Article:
This dynamic process can be influenced by factors that diminish or even eliminate the imputability of the disordered human act (302). These can ultimately be reduced to three types: ignorance of the norm, incomprehension of the values at stake, impediments perceived as the occasion of other offenses (301). This framework does not depart from tradition: it has always been said that the commission of mortal sin requires not only grave matter (the grave objective disorder), but also full awareness and deliberate consent (cf. Catechism of Saint Pius X). The innovation of “Amoris Laetitia” lies in the breadth of application that is given to the principle of gradualness in the spiritual and pastoral discernment of individual cases. The intention is to give a more attractive and persuasive ecclesial testimony to the gospel of divine mercy, to comfort spiritually wounded persons, to maximize and develop, as much as possible, the seeds of goodness that are found in them.
In consideration of the dynamic of discernment, Pope Francis envisions the possibility of a progressive and more complete integration into concrete ecclesial life for persons in situations of fragility, so that they may experience ever more, and not only know, that it is beautiful to be Church. After adequate pastoral discernment, they can be entrusted with various tasks that they were excluded from until now, while however “avoiding any occasion of scandal” (299).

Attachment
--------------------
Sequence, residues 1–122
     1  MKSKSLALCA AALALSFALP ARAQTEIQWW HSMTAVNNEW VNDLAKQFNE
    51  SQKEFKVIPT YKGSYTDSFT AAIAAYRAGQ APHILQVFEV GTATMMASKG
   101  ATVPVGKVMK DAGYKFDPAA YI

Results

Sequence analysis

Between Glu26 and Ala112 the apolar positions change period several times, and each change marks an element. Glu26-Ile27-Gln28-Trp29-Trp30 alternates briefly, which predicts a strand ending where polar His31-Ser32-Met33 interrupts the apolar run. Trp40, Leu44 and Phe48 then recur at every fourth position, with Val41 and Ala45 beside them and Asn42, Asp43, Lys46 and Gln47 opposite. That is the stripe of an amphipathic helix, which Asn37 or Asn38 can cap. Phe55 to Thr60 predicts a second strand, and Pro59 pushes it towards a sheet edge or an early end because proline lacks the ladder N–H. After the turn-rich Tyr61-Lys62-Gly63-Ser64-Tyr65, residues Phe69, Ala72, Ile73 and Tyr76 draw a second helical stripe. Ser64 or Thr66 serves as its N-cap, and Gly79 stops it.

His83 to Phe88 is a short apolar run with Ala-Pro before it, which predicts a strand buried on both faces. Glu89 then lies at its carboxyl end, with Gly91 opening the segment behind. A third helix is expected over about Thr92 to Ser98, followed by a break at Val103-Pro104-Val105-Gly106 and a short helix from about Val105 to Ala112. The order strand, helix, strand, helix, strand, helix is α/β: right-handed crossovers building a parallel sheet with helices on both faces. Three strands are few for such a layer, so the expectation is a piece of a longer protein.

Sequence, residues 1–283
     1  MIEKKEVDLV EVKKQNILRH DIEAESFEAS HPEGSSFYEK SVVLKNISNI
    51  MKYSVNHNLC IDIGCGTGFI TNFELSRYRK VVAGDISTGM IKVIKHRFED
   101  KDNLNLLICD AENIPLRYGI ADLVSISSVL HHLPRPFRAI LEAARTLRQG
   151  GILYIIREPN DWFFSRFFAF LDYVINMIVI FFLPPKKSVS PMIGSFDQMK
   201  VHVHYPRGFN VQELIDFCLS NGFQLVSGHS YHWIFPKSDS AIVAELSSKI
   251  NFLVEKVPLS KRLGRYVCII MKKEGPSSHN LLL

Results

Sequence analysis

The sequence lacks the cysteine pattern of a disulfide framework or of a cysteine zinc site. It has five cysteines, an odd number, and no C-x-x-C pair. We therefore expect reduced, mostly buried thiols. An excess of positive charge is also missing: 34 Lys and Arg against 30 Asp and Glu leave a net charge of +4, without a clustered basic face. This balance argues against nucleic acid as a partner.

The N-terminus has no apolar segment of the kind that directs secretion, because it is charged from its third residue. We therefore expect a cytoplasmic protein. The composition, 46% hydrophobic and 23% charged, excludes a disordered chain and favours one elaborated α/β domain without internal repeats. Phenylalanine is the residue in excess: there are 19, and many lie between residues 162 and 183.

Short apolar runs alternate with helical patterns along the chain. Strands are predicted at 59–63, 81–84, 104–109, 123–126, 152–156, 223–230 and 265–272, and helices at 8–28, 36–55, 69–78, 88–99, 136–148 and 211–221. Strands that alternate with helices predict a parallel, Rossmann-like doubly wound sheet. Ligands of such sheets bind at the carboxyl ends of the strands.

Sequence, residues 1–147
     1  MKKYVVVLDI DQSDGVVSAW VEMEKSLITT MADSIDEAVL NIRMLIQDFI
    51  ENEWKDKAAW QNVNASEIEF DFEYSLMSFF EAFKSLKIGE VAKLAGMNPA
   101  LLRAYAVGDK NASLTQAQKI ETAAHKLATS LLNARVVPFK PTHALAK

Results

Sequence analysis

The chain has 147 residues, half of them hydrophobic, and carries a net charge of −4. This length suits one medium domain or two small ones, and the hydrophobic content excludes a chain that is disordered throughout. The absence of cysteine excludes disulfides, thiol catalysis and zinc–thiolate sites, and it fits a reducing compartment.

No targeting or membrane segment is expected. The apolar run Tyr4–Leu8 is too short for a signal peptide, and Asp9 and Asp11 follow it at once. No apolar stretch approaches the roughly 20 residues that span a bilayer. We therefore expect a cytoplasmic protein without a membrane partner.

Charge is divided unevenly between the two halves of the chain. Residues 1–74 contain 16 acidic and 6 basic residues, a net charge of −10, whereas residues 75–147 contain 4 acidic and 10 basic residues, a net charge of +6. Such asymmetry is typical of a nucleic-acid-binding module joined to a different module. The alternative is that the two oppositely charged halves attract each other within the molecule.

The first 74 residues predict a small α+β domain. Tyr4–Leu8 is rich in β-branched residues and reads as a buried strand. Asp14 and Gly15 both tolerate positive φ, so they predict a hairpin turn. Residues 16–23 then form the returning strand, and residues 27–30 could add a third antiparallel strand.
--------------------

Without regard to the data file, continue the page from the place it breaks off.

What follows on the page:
The personal and pastoral discernment of individual cases “would recognize that, since ‘the degree of responsibility is not equal in all cases,’ the consequences or effects of a rule need not necessarily always be the same” (300), [. . .] not even “with regard to sacramental discipline, since discernment can recognize that in a particular situation no grave fault exists” (footnote 336). “Because of forms of conditioning and mitigating factors, it is possible that in an objective situation of sin – which may not be subjectively culpable, or fully such – a person can be living in God’s grace, can love and can also grow in the life of grace and charity, while receiving the Church’s help to this end.” (305).
The pope is therefore opening an outlet even for admission to sacramental reconciliation and Eucharistic communion. But this is a matter of a hypothetical, generic, and marginal suggestion. [. . .]